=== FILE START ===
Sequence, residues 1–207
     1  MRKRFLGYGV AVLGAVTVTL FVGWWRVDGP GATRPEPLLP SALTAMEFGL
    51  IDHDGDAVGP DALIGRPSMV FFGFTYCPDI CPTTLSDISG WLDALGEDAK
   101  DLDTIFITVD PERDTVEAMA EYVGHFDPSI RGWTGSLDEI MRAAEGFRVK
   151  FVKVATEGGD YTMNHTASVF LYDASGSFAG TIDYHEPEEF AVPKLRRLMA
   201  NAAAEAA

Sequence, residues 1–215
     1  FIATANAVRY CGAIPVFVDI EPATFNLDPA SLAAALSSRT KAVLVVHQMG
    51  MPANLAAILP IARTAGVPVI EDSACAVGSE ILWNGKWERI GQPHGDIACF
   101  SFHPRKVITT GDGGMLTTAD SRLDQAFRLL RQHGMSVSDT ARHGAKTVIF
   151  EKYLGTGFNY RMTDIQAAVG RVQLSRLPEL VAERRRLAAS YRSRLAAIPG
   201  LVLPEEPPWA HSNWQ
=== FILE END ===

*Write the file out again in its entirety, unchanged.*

Sequence, residues 1–207
     1  MRKRFLGYGV AVLGAVTVTL FVGWWRVDGP GATRPEPLLP SALTAMEFGL
    51  IDHDGDAVGP DALIGRPSMV FFGFTYCPDI CPTTLSDISG WLDALGEDAK
   101  DLDTIFITVD PERDTVEAMA EYVGHFDPSI RGWTGSLDEI MRAAEGFRVK
   151  FVKVATEGGD YTMNHTASVF LYDASGSFAG TIDYHEPEEF AVPKLRRLMA
   201  NAAAEAA

Sequence, residues 1–215
     1  FIATANAVRY CGAIPVFVDI EPATFNLDPA SLAAALSSRT KAVLVVHQMG
    51  MPANLAAILP IARTAGVPVI EDSACAVGSE ILWNGKWERI GQPHGDIACF
   101  SFHPRKVITT GDGGMLTTAD SRLDQAFRLL RQHGMSVSDT ARHGAKTVIF
   151  EKYLGTGFNY RMTDIQAAVG RVQLSRLPEL VAERRRLAAS YRSRLAAIPG
   201  LVLPEEPPWA HSNWQ